The state of North Dakota has just completed a survey of workforce housing in the western half of the state and made it publicly available. The rapidly expending workforce needs of the Bakken Oil Patch and the resulting housing crisis spurred this work which marks an important step in the state’s efforts to understand the human impact in the western part of the state. The new data released by the state identified almost 600 locations of workforce housing with over 26,000 beds.
As readers of this blog know, I’ve been working with a team of historians, social workers, archaeologists, architectural historians, and artists in the western part of the state. This background data is really important for our work because we had only the vaguest ideas how much workforce housing existed in the western part of the state, and this hampered our ability to understand whether the very fine grain data that we collected in August was a representative of the overall trends in the region.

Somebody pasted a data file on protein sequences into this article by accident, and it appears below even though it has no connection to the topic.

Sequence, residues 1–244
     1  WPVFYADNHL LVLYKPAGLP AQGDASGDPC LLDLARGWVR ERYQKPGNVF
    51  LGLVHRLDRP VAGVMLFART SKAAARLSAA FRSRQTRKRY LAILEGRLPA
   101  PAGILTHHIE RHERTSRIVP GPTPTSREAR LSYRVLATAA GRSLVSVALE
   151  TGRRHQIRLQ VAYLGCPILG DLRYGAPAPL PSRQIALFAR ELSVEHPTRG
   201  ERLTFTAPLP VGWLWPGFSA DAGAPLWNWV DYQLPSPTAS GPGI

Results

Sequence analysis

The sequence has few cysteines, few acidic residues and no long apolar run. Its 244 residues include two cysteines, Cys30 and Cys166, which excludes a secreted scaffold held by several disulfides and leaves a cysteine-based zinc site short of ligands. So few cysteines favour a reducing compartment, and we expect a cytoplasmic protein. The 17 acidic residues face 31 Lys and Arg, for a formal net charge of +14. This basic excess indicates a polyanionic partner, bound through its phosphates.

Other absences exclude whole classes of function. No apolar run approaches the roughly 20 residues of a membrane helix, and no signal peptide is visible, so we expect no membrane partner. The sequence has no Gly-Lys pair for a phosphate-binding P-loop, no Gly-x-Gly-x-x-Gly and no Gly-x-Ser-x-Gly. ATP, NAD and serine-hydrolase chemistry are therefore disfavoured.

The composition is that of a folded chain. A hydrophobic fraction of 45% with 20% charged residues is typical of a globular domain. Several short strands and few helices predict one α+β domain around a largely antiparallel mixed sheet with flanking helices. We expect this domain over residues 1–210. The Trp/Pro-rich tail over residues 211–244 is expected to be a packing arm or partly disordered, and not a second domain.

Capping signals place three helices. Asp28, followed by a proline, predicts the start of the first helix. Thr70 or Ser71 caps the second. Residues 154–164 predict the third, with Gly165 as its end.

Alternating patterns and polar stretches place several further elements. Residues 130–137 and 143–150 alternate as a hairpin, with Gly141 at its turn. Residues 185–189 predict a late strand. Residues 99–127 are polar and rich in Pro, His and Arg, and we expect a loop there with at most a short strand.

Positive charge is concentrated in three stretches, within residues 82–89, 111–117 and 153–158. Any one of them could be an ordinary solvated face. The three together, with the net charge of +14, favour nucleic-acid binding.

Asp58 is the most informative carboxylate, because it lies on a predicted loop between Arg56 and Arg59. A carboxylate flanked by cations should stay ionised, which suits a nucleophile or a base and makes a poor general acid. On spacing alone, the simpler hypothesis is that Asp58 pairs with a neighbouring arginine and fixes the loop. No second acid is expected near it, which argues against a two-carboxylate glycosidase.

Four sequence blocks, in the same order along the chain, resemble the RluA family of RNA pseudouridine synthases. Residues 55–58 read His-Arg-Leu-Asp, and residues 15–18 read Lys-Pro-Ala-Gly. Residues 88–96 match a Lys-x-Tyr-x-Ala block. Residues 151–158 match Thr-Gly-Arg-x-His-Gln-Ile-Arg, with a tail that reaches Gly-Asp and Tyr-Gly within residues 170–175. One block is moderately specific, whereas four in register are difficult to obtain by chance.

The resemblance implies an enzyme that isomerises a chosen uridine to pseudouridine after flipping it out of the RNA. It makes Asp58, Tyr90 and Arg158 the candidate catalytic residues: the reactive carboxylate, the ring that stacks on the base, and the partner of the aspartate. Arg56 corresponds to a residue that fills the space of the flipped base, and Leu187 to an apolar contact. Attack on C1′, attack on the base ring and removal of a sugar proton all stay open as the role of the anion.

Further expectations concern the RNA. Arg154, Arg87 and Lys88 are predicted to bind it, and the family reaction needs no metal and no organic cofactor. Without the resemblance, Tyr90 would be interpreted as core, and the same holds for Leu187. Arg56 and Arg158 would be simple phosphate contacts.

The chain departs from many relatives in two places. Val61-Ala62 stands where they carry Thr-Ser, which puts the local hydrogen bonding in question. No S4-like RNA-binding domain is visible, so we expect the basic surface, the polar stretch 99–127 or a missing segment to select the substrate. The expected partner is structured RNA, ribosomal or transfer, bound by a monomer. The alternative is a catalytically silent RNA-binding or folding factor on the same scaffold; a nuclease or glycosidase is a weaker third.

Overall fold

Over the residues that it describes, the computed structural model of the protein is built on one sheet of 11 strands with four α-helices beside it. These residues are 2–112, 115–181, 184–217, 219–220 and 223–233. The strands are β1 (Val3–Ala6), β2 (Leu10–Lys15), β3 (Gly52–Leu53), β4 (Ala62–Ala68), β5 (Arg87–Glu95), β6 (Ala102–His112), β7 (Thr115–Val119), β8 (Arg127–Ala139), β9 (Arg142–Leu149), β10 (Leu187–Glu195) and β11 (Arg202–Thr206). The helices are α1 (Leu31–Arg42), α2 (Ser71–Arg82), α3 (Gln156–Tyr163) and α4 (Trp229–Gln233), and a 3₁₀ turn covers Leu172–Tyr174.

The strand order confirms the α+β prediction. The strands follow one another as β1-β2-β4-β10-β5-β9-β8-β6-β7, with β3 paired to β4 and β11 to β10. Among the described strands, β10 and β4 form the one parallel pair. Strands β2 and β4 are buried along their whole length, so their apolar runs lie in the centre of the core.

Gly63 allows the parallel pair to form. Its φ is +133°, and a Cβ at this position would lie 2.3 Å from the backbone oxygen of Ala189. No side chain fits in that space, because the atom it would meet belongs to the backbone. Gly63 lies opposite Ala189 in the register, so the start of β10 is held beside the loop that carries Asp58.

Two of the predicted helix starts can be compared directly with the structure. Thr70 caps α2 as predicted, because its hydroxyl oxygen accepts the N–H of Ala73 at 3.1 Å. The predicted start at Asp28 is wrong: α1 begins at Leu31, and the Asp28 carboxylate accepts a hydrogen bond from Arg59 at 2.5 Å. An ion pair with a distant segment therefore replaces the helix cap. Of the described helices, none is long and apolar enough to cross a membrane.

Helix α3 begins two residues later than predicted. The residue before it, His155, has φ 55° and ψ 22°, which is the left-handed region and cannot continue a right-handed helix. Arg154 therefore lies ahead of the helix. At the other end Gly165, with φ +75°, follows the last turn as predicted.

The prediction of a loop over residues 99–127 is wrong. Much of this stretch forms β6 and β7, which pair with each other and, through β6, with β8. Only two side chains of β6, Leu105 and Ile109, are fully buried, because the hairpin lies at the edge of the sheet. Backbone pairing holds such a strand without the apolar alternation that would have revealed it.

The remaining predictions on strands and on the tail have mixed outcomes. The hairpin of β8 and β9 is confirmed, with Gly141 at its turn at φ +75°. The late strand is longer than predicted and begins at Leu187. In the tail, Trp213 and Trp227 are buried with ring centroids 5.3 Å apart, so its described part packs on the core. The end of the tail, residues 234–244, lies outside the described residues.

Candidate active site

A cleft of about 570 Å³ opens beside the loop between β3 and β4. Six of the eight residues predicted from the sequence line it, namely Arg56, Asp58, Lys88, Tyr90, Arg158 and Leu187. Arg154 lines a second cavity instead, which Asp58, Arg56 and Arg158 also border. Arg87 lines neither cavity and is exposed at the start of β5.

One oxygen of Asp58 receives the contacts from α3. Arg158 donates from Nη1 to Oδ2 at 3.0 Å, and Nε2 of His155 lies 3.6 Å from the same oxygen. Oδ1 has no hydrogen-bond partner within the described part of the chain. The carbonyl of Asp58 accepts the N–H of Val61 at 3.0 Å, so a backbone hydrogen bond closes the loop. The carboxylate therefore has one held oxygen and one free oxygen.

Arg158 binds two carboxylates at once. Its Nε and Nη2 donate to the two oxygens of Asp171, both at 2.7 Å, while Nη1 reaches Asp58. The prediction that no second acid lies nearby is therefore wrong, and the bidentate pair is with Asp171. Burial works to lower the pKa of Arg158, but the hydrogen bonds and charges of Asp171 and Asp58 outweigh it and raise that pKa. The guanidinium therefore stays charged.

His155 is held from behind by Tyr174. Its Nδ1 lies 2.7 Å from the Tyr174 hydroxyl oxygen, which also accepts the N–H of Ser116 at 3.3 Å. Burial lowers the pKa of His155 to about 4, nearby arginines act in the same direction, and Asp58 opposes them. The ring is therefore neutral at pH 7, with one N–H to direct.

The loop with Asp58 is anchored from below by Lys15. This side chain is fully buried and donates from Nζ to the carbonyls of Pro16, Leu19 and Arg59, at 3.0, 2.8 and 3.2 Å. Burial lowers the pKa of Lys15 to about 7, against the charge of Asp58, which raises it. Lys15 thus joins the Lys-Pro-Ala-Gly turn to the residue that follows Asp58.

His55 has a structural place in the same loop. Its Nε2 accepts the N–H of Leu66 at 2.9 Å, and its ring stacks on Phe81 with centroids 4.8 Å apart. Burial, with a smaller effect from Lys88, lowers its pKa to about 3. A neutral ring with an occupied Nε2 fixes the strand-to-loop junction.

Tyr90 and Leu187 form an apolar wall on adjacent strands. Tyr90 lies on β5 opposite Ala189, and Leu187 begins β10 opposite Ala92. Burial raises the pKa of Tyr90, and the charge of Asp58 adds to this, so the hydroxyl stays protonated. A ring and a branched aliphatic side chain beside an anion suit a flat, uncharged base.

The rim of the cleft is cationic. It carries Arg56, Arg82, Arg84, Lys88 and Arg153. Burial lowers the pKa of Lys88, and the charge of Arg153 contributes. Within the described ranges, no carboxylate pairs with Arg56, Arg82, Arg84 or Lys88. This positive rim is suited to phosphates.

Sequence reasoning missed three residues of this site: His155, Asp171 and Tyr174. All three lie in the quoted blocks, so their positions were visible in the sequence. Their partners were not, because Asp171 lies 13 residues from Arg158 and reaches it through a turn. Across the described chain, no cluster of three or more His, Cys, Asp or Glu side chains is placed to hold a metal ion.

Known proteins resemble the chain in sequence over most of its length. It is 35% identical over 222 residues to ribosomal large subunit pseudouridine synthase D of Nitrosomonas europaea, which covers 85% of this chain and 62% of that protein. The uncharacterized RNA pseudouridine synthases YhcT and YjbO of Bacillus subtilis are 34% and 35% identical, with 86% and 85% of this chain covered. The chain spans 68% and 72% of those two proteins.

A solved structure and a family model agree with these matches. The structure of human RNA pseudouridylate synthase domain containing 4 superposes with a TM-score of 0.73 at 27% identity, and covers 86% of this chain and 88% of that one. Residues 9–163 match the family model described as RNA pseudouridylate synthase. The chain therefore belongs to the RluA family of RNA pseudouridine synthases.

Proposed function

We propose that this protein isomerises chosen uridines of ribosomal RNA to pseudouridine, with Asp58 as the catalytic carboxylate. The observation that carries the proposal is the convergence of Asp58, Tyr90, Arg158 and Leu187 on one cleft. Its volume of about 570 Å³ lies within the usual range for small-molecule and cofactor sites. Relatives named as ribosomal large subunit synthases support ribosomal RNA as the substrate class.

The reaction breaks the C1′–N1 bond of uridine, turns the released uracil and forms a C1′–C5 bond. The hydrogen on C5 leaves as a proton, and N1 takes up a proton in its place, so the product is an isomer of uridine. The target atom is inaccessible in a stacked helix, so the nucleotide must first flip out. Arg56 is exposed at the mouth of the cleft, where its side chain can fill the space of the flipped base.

The camps cluster on major roads through the area and around the towns of Tioga, Williston, and Watford City as well as the towns of Ray, Alexander, Ross, and Stanley. The incorporated town of Trenton, west of Williston on the Missouri River also seems to be a small center of camps.
The state created a typology for camps based, presumably, on zoning. Their “Crew Camp” category conform to our Type 1 camps and included the massive camps run by Target Logistics and other contractors. Our Type 2 camps appear as their “Mobile Home” and “RV Park/Campground”. It’s interesting to see that Watford City has a bunch of RV Parks whereas Williston has more Mobile Homes. I’m assuming that this reflects the more provisional status of the workforce housing in Watford City where people live in RVs rather than what we might traditionally call trailer parks.
Crew Camps were by far the largest concentrations of beds averaging over 120 occupants per site whereas RV Parks and Mobile Homes tend to average closer to 20 or 30 residents. The area north of the Missouri particularly around Williston and extending west toward the Montana border.
Our experiences in the western part of the state suggest that the data collected by the state (and their contractor) is decent, but not great. Our Type 3 camps, which were the most provisional and contingent, do not appear on their maps, and this is to be expected. These maps also miss some known Type 1 and Type 2 camps suggesting that there are holes in their dataset. On our trip out west this month, we hope to ground truth more of this data and determine its utility as a baseline for understanding the larger significance of our data.